Medical Training Review Panel: thirteenth report

New College Fellows

Page last updated: April 2010

Current Data

In 2008, there were 2,257 new fellows in medical colleges. Of these, 925 or 41.0% were female (Table 4.26).

The state and territory distribution of new fellows does not capture those new fellows residing overseas.

Table 4.26: New fellows and proportion of females by medical specialty, 2008.

Medical specialty

New fellows

Proportion all new fellows (%)

Females

Proportion females (%)

Adult medicine(a)30313.412641.6
Anaesthesia(b)23410.48235.0
Pain medicine(c)110.519.1
Dermatology110.51090.9
Emergency medicine954.23536.8
General practice
RACGP81936.336744.8
ACRRM221.0731.8
Intensive care(d)622.71625.8
Medical administration100.4550.0
Obstetrics and Gynaecology662.94162.1
Occupational and Environmental medicine110.5545.5
Ophthalmology(e)140.6535.7
Paediatrics(a)1145.16456.1
Pathology683.03551.5
Psychiatry1476.56242.2
Public health medicine130.6969.2
Radiation oncology110.5436.4
Radiodiagnosis542.41425.9
Rehabilitation medicine210.91152.4
Surgery1717.62615.2

Total

2,257

100.0

925

41.0

(a) Includes overseas trained specialists.
(b) 181 new fellows resided in Australia.
(c) Of 15 fellows admitted by examination and training in 2008, 11 are domiciled in Australia.
(d) Includes 13 fellows (3 females) who have returned overseas.
(e) RANZCO numbers include overseas trained specialists with new fellows for the first time. Also, the number of trainees is significantly reduced in this reporting year due to commencement of a 5-year rather than a 4-year training program.

Source: Medical colleges



Data on where new fellows resided is shown in Table 4.27

Table 4.27: New fellows by medical specialty and state/territory

Medical specialty

NSW

Vic

Qld

SA

WA

Tas

NT

ACT

Aust

Adult medicine(a)10881411921766289
Anaesthesia5040452114713181
Pain medicine1241300011
Dermatology4402100011
Emergency medicine2032294810195
General practice
RACGP(b)229193172(c)1079424nana819
ACRRM8051502122
Intensive care1514124300149
Medical administration1090000010
Obstetrics and Gynaecology1715185722066
Occupational and Environmental medicine1250300011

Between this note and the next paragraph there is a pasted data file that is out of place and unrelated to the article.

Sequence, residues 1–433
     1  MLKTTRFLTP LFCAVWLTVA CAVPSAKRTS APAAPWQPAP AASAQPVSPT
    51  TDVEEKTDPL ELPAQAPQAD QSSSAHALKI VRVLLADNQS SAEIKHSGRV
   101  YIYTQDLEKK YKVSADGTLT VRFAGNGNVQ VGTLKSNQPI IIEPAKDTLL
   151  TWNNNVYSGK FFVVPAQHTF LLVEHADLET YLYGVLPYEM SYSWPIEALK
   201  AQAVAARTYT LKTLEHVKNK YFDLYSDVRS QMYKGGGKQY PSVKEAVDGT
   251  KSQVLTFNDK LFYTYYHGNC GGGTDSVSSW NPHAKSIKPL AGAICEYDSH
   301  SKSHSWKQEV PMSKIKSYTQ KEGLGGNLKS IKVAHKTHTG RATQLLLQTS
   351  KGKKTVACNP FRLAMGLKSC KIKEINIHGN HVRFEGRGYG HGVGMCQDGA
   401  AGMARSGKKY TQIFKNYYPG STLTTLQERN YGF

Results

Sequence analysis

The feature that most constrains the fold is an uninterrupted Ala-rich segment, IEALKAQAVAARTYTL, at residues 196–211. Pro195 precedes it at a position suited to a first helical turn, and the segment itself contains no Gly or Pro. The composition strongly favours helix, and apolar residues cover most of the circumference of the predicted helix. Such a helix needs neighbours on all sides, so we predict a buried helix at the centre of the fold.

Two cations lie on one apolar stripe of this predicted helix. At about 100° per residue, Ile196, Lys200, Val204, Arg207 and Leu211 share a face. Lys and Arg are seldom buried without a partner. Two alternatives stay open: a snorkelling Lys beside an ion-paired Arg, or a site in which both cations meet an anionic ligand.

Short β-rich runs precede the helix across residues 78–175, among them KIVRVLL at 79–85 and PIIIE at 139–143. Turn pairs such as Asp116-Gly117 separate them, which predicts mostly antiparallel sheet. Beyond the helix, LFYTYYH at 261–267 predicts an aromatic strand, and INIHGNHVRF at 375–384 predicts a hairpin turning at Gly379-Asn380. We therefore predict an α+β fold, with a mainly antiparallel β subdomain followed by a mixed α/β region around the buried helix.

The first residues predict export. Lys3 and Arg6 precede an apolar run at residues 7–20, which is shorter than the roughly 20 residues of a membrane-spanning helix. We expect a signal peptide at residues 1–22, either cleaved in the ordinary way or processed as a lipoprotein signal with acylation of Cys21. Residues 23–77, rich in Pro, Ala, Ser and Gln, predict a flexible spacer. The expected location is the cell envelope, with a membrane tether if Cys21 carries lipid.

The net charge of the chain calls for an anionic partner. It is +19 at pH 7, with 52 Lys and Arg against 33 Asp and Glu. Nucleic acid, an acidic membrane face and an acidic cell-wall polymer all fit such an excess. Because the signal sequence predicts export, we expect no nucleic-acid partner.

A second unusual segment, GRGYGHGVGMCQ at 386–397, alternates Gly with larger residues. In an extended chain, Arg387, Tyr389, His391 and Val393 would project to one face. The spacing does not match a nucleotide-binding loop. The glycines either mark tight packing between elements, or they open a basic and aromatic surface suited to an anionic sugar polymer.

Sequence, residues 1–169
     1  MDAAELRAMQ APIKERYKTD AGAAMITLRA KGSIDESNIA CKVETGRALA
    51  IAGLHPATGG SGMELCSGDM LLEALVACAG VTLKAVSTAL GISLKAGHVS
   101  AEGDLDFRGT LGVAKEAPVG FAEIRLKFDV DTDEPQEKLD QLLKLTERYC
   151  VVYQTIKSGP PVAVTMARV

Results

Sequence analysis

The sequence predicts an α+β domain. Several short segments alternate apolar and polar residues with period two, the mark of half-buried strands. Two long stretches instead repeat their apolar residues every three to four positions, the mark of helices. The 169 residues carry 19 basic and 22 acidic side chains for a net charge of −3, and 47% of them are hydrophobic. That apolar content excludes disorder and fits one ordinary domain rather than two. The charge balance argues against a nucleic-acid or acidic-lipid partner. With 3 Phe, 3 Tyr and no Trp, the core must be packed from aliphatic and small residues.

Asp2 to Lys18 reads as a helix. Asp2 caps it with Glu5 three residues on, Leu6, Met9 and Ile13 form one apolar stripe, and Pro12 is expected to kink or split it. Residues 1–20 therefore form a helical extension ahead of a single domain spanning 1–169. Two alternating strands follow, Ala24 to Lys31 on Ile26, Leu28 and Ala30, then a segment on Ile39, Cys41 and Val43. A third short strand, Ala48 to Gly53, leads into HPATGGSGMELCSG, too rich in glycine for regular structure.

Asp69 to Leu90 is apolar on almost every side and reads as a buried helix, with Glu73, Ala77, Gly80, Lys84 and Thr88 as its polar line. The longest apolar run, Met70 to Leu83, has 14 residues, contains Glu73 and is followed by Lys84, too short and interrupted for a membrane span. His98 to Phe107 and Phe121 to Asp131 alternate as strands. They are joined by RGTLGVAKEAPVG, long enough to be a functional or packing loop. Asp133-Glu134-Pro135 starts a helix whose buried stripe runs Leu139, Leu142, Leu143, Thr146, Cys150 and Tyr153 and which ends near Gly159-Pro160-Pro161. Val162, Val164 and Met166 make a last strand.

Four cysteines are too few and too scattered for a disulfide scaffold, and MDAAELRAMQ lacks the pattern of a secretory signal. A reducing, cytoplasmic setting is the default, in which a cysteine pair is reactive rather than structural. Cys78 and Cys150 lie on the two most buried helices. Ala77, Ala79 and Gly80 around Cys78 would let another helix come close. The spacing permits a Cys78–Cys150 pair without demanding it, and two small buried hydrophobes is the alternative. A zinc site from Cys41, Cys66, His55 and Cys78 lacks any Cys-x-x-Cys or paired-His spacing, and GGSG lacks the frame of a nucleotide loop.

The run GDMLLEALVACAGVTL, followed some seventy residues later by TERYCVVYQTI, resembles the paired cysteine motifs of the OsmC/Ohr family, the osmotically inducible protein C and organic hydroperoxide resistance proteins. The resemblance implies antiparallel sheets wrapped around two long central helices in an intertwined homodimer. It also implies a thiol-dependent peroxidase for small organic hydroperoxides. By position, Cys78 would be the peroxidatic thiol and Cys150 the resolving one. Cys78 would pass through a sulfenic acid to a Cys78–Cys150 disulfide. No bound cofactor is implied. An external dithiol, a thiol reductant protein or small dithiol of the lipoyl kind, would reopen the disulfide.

Opthalmology(d)25502000(e)14
Paediatrics(a)232816723122102
Pathology20181241010368
Psychiatry4136291421303147
Public health medicine2221401113
Radiation oncology5411000011
Radiodiagnosis2110116510054
Rehabilitation medicine12420300021
Surgery5553231619212171

Total

635

543

441

213

246

49

15

23

2,165

(a) Includes overseas trained specialists now based in Australia.
(b) Includes ACT fellows.
(c) Includes NT fellows.
(d) RANZCO numbers include overseas trained specialists with new fellows for the first time. Also, the number of trainees is significantly reduced in this reporting year due to commencement of a 5-year rather than a 4-year training program.
(e) Includes 10 overseas trained specialists.

Source: Medical colleges



The distribution across states and territories of female new fellows follows a similar pattern to the distribution of all new fellows (Table 4.28).

Table 4.28: Female new fellows by medical specialty and state/territory, 2008.

Medical specialty

NSW

Vic

Qld

SA

WA

Tas

NT

ACT

Aust

Adult medicine(a)443420410214119
Anaesthesia1312175431156
Pain medicine001000001
Dermatology4401100010
Emergency medicine910123100035
General practice
RACGP(d)1149174(e)433510nana367
ACRRM102120017
Intensive care3341100113
Medical administration104000005
Obstetrics and Gynaecology711104612041
Occupational and Environmental medicine111020005
Ophthalmology(b)22100000(c)5
Paediatrics(a)1220941302060
Pathology8773710235
Psychiatry2015114910262
Public health medicine11213--19